I could have worked on any skill during quarantine, and I chose fighting games

(Image credit: Arc System Work)

While spending more time at home for the COVID-19 lockdown, I could pick up all kinds of skills. I could learn to solder, like I've been wanting to for years. I could learn Blender for 3D modeling, or get some practical skills with a coding language. But instead, I chose to learn how to play fighting games. I've gotta tell you, I think it's working out way better than those other projects would have gone, because I discovered the secret to learning: all you need is spare time and an internalized sense of progression.

I've always wanted to get into fighting games, and in the last few years I've been especially dazzled by Arc System Works' anime-emulating 3D aesthetics. So when the studio put out Granblue Fantasy: Versus, I figured this was the one. Friendly pastel colors, familiar JRPG characters, in-depth tutorials, a one-button system for pulling off special moves? All at a time when it's socially irresponsible for me to leave my house any more than absolutely necessary? The stars were aligned.

(Image credit: Arc System Works)

At first I played through the tutorial missions to learn the basics of the fighting system, and even tried to learn some combos for Gran - the extremely vanilla protagonist who seemed like my best bet for a starter. I screwed around with the Arcade mode for a bit, which got my hopes up as I sleepwalked through opponents on normal difficulty, and made a start on the RPG-inspired story mode until I got tired of seeing characters I'd never met before talking like old friends. Did I mention this fighting game is based on a hugely successful mobile RPG that's never officially come out overseas? Yeah.

Anyway, after that, it was time for the true fighting experience to begin. I took a moment to reflect on my many previous attempts to attain fighting game competence. Going to the arcade, but being too self conscious to try to challenge anybody as a kid. Thinking I was getting decent at Soul Calibur on Dreamcast until I played against literally anybody besides my older brother as a teen. Buying Skullgirls on PS3 then just hoping that something would happen in my twenties.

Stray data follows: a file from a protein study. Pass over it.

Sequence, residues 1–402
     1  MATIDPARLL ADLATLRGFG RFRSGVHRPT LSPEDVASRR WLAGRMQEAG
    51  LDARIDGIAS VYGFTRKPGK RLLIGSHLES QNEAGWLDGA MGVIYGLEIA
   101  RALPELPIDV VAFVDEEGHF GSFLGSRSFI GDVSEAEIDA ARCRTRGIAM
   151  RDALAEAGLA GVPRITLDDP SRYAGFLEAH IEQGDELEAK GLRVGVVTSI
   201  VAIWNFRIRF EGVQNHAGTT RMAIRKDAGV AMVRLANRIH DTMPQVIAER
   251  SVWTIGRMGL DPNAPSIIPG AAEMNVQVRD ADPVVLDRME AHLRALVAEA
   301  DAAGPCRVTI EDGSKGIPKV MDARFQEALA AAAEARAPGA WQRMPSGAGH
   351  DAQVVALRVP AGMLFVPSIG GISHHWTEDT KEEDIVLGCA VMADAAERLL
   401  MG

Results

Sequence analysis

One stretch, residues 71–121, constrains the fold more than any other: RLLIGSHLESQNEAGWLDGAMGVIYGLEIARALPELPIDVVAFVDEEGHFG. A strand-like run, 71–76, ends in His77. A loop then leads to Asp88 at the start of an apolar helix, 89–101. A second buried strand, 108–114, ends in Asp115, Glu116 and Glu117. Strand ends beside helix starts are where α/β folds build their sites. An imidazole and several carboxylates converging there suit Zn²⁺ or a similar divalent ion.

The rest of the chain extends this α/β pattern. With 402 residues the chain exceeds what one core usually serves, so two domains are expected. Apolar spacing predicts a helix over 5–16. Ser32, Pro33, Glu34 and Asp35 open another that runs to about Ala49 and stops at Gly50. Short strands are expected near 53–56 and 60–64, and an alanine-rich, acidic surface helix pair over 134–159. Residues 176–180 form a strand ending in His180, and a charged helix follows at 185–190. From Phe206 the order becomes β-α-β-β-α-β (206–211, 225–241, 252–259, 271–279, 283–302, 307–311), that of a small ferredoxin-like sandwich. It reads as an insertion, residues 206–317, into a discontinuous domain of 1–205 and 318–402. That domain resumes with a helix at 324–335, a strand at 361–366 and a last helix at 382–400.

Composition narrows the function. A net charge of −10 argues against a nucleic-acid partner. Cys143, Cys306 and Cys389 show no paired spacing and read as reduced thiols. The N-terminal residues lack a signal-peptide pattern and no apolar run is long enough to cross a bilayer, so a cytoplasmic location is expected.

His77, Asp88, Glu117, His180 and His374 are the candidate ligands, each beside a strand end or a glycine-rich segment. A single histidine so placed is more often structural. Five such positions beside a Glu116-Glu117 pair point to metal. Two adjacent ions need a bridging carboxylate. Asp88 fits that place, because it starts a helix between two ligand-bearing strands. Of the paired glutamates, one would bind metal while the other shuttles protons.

The problem then, I reasoned, was that I refused to approach fighting games on their own terms. This time, I would knuckle down and commit to my coursework at the school of hard knocks. I queued up for my first online match.

Oh no

(Image credit: Arc System Works)

Dear reader, I got wrecked. My vanilla shortsword lad was batted around the room by a busty elf with kind eyes and a giant katana. She's named Narmaya, and as I tumbled my way through the next few ranked matches, I learned that lots of people like playing as her. These lopsided wallopings would have discouraged me if I didn't already know they were coming.

I had decided from the start that my goal would be to learn, not to win. For example, I discovered lots of Narmaya players open their matches with a quick, long-range horizontal attack. I started dodging right at the start of the round. Every now and then I'd even get close enough to punish Narmaya's attack with a close-up auto combo. I realized that if she jumped in at me, I could crouch down and knock her out of the sky with Gran's anti-air heavy. Granted, for every single hit I landed, my opponent would cut into me with an extended combo that took a third off my life bar. But I was putting points on the board.

(Image credit: Arc System Works)

Unfortunately, there's only so much you can pick up in terms of practical skills when you spend the majority of each match getting smacked around like a plucky anime tetherball. I decided to give the online lobby mode a try, thinking its more casual atmosphere might make for a better educational environment. People didn't play Narmaya quite as much there, I found. They still beat my ass.

My lessons continued, though there were moments of doubt. At one point, I thought it was Gran, and not my own skills, that were holding me back. I never saw anybody else playing as him, so clearly he must be garbage. I went back to the Tutorial and Arcade modes to learn a new character, Katalina. Then I returned to the lobby and - unbelievably - I got wrecked some more. I don't know where Gran is on the Granblue Fantasy: Versus tier lists (and I stubbornly refuse to look) but I officially could not blame my spotless losing record on him anymore.

(Image credit: Arc System Works)

Even that moment of weakness was part of the learning process, a reminder to focus on fundamentals before I try to get fancy. In this case, "fancy" means playing a character that doesn't look like he fell off the cover of every generic JRPG from the last 25 years. I went back to Gran, and I went back to the lobby. I put in some more matches. And you know what happened, a half dozen games later? I got a win.

It wasn't against Narmaya - she remains undefeated. And the person I was playing against immediately switched characters then body slammed me through the floorboards with what I'm guessing was their main. But it was still a win. My training paid off.

I'm looking forward to getting another victory on my record in a few dozen games, but mostly I'm looking forward to learning more as I fumble my way toward fighting game competence. It's not like I have much else to do with my free time right now, after all. Aside, of course, from playing D&D online.

See the GR staff face off in a different kind of battle with our latest Challenge Radar quiz.

Connor Sheridan

I got a BA in journalism from Central Michigan University - though the best education I received there was from CM Life, its student-run newspaper. Long before that, I started pursuing my degree in video games by bugging my older brother to let me play Zelda on the Super Nintendo. I've previously been a news intern for GameSpot, a news writer for CVG, and now I'm a staff writer here at GamesRadar.